Thursday, August 12, 2010

Broken Plans...Confusing Results

One would think, upon reading my title, that I had an undesirable experience with my training. Of course that is exactly what we humans normally write about, it is in our nature to complain and I know I have done my fair share.

I plan a run, it doesn't go as planned, I complain and ramble on for ever it seems and then I find a way to rationalize my experience into some type of good training thing. Perhaps everyone does that, but they leave out the complaining part so it sounds more positive than whining.

My plan was to do an easy run on Bradbury East side trails last night.......well let me backtrack a bit, Saturday I ran the Beach to Beacon 10k, then Sunday I raced the Bradbury Mountain Breaker 9 miler.

Now I do not normally run back to back races and even though I didn't all out race the Beacon, I did run the race when I should have been resting for my mountain race. All in all I had a plan for the Breaker and I followed it quite well.

In the end I had a respectable time that gave me PR of about three minutes and though I felt sluggish during most of it, I think I accomplished a pretty good race. I suspect this whole piece is getting a bit boring as I already wrote about my race.....but the background is important as it leads up to my latest run.

Sunday afternoon I was dead tired and decided to take at least one maybe two days off before I ran again. For sure my Achilles needed to calm down after the hills of the 9 miler.

I spent Monday and Tuesday just swimming laps and water running. It actually felt good and it didn't allow my muscles to get too stiff. At the same time my brain wasn't thinking that I was lazing it.

I knew Wednesdays run would feel sluggish and decided to just hit Bradbury and do an easy three or fours miles on the Bruiser course just to work the body back into running trails. It was quite hot out when I left work and I almost canned the whole idea of running and hit the pool again instead.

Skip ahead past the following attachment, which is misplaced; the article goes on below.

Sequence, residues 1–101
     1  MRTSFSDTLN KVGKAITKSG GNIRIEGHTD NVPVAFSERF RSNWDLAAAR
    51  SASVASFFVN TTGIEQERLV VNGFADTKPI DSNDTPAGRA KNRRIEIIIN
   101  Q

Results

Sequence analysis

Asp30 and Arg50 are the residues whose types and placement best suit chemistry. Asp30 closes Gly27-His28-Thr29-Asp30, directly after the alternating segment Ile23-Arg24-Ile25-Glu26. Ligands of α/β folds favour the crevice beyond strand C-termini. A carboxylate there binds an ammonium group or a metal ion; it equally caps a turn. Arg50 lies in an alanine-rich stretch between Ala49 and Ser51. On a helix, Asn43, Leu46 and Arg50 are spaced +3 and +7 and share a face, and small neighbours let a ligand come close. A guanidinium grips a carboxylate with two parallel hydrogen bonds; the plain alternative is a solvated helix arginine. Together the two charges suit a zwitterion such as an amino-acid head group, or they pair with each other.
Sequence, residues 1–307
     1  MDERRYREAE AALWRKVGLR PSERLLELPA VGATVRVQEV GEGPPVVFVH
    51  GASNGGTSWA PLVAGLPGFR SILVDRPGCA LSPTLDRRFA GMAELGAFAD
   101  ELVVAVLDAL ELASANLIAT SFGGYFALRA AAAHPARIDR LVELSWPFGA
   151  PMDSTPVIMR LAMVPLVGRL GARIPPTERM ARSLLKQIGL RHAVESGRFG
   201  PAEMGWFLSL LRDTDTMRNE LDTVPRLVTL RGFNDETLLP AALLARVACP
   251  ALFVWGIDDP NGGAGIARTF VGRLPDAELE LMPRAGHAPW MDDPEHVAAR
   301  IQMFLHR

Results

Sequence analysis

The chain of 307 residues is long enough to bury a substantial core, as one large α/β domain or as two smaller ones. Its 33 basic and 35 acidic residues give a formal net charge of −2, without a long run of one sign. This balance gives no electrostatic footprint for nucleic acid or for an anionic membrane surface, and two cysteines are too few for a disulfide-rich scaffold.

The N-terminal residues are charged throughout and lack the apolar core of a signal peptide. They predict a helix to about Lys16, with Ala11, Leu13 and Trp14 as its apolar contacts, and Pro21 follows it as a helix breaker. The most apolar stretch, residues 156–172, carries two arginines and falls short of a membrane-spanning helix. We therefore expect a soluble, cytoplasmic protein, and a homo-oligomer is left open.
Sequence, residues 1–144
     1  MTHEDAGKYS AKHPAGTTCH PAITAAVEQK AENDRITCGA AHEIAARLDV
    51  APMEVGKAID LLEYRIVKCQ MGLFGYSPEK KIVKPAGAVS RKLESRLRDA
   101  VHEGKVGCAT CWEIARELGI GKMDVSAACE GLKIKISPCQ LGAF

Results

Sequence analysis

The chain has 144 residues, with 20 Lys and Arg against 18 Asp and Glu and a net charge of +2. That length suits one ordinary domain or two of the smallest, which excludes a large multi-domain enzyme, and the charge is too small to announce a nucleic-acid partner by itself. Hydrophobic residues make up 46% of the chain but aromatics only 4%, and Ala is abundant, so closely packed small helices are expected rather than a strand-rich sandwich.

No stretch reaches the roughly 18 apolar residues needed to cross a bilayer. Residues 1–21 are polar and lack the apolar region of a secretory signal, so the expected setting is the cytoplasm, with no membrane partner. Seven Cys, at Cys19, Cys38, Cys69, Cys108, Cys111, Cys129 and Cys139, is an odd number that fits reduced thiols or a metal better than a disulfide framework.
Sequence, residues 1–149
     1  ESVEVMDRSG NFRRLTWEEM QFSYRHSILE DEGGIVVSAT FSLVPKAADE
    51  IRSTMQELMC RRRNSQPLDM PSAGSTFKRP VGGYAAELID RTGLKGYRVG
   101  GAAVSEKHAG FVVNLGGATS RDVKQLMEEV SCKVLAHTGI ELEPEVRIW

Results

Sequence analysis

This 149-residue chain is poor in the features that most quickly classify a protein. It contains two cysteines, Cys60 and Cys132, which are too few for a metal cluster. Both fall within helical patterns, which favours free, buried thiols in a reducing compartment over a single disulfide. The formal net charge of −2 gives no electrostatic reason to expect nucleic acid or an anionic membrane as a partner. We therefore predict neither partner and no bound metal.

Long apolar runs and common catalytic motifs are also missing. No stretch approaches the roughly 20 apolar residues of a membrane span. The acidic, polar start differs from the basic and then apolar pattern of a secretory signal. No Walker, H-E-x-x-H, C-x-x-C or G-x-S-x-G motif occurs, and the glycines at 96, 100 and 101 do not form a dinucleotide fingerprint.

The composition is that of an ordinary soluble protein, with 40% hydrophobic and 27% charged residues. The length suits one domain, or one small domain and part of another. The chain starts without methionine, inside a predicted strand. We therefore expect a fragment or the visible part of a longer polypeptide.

For some reason I did end up at Bradbury but assured myself I would take it real easy and felt my body would demand it anyway, so I actually had no say in the matter.
When I first started running down the link trail, I felt tired and sluggish and my legs were not too solid......every thing I expected.

Once I turned onto the single track of the Lanzo trail, I just kept running faster and faster. Suddenly I was breathing near the top of my capability, hitting extremely high heart rate numbers that averaging up to 154(89%HR) with peaks at 162(93%hr) for the first three miles...... surprising because these are my normal racing numbers.

Funny thing is, I didn't feel like I was racing, I felt more like I was running comfortably hard and it actually felt extremely fast and doable. Usually when racing hard I feel like I can't go on and have to convince myself not to quit.

I stopped at the 5k mark just to double check my watch and my monitor to be sure I was reading it right. After 20 or 30 seconds I continued at what was going to be a cooldown pace, but before long I was running fast again...OK..well fast for me anyway.

I ran the next two miles faster than the first three and topped it off with a great kick. Though my average heart rate was a bit lower because of the slower start, my kick peaked my hear rate up to 173.......I haven't reach the 170s since last year.

What the hell happened? I somehow flicked some hidden switch and now I want to know how to do it slight disbelief, I rechecked my stats on both the Garmen and the Nano to be sure there was not something wrong and I found everything to be normal.

I wish I could put this run in the bank and make a withdrawal for my next race. It sure is funny how perceived effort and condition is totally relative to factors that seem way beyond our comprehension and control.

5.2 miles @49:07(running time)9:30 pace


8:24...173 (for .2 miles)

1 comment:

John said...

I think our limits are often way beyond where we believe them to be. Conditioning helps us with glimpses beyond what we've thought of as our limits.